Observing "it was pitch black" at the time and that
she "didn’t

expect to see anything in the middle of the road," Campbell

stated it was too late for her to stop by the time she saw the

object in the road, despite her last-second efforts to avoid it.

Immediately after hitting Aldrich, Campbell stopped her car,

determined that she had run over a body lying on the ramp, and

found a nearby policeman.

Dr. William G. Gormley, the medical examiner who performed

Aldrich’s autopsy, testified that Aldrich, who was found dead at

the scene of the accident, sustained severe crushing injuries to

his chest and thoracic area and had several abrasions on the

side of his body, which Dr. Gormley described as "road

Dr. Gormley concluded that the cause of death was "multiple

blunt-force injuries to the chest" consistent with being

over by a car. Dr. Gormley could not give an opinion, based on

the autopsy, to confirm whether Aldrich had been assaulted prior

to being run over. He did opine, however, that the injuries

were consistent with Aldrich being struck by the car while in a

reclining position, rather than standing up. On

cross-examination, Dr. Gormley testified Aldrich had a blood

alcohol content of .12%. The legal limit for lawfully driving a

motor vehicle was .08%. Based on this legal limit for

intoxication, a general average indicator to correlate the

effect of alcohol on judgment, Dr. Gormley said Aldrich’s

consumption of alcohol was "likely to have had an effect

his] judgment."

Testifying in his own defense, Banks admitted he got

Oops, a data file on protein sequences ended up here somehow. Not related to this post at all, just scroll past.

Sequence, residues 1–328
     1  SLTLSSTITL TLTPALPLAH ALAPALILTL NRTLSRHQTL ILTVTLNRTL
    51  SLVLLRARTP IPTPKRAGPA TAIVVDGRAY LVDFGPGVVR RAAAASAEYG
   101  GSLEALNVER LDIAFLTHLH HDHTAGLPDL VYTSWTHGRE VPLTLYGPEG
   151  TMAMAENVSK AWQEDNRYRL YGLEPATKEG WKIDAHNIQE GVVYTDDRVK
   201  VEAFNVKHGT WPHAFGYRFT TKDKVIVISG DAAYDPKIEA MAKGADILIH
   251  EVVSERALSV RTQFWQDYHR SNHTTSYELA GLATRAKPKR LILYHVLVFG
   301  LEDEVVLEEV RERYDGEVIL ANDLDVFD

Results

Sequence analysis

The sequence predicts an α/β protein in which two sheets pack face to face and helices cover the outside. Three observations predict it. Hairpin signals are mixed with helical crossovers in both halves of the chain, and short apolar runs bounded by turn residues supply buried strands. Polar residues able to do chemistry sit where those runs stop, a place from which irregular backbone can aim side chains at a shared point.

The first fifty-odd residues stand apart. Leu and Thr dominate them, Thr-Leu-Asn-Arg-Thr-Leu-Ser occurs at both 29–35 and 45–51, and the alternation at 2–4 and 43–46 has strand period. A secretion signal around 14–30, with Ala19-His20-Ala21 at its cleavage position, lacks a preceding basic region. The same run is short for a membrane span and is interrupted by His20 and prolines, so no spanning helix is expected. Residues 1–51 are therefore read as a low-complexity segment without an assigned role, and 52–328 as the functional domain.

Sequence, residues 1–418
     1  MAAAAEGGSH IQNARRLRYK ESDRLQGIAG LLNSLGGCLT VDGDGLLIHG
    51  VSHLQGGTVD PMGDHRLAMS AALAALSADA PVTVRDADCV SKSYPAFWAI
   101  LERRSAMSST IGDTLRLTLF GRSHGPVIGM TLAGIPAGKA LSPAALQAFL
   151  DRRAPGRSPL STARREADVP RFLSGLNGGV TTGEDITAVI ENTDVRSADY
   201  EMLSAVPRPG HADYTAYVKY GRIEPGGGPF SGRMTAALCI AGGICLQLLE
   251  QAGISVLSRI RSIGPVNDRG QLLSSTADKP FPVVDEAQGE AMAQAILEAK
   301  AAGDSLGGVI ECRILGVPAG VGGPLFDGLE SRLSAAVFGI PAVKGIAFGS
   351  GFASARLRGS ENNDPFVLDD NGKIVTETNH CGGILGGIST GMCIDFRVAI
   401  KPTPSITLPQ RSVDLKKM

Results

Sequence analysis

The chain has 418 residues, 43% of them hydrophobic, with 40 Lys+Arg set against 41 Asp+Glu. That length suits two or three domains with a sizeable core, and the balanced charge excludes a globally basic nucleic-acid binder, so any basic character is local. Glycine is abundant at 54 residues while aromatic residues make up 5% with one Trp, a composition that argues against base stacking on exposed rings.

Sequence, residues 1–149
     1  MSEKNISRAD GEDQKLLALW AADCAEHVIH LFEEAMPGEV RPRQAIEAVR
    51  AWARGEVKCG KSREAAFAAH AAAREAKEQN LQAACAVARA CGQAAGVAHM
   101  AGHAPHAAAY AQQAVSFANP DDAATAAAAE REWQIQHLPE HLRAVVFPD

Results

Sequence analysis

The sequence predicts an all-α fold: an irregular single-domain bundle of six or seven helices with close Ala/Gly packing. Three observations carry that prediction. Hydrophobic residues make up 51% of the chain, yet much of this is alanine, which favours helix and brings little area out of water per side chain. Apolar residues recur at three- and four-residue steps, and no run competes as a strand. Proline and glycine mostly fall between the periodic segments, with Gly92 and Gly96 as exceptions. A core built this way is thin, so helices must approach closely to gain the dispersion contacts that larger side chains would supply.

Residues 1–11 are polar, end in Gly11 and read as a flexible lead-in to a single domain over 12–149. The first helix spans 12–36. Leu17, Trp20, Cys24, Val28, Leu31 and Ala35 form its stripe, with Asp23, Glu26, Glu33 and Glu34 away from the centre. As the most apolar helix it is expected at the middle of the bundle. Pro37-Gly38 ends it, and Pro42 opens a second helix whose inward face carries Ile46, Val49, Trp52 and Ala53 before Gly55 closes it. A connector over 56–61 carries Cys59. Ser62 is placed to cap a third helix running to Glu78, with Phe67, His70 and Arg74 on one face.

"upset" and "angry" when Aldrich stated he
was in the Marines.

He further admitted that, when chasing Aldrich, he tried to trip

him but missed and fell himself. He got up and continued the

chase down the ramp. Catching up to Aldrich, Banks "grabbed

and he fell" in the roadway. Banks then hit Aldrich in the

face. Leaving Aldrich lying "in the middle of the
road," Banks

started back up the ramp. He then heard the car strike Aldrich,

but did nothing to help the victim and did not call the police.


Banks contends the evidence was insufficient, as a matter

of law, to convict him of involuntary manslaughter. The

Commonwealth, he argues, failed to prove beyond a reasonable

doubt that his conduct amounted to criminal negligence or that

it was the proximate cause of Aldrich’s death.

When the sufficiency of the evidence is challenged on

appeal, we review the evidence "in the light most favorable

the Commonwealth, granting to it all reasonable inferences

fairly deducible therefrom." Bright v. Commonwealth, 4 Va.

248, 250, 356 S.E.2d 443, 444, (1987). "In doing so, we

discard the evidence of the accused in conflict with that of the

Commonwealth, and regard as true all the credible evidence

favorable to the Commonwealth and all fair inferences that may

be drawn therefrom." Watkins v. Commonwealth, 26 Va. App.

349, 494 S.E.2d 859, 866 (1998). We are further mindful that

the "credibility of a witness, the weight accorded the

testimony, and the inferences to be drawn from proven facts are

matters solely for the fact finder’s determination."
Crawley v.

Commonwealth, 29 Va. App. 372, 375, 512 S.E.2d 169, 170 (1999).

We will not disturb the conviction unless it is plainly wrong or

unsupported by the evidence. Sutphin v. Commonwealth, 1

Va. App. 241, 243, 337 S.E.2d 897, 898 (1985).

A. Criminal Negligence

Banks argues that his conduct only rises to the level of

gross negligence and, thus, even in the light most favorable to

the Commonwealth, fails to demonstrate negligence so wanton and

culpable as to show a callous disregard for human life. We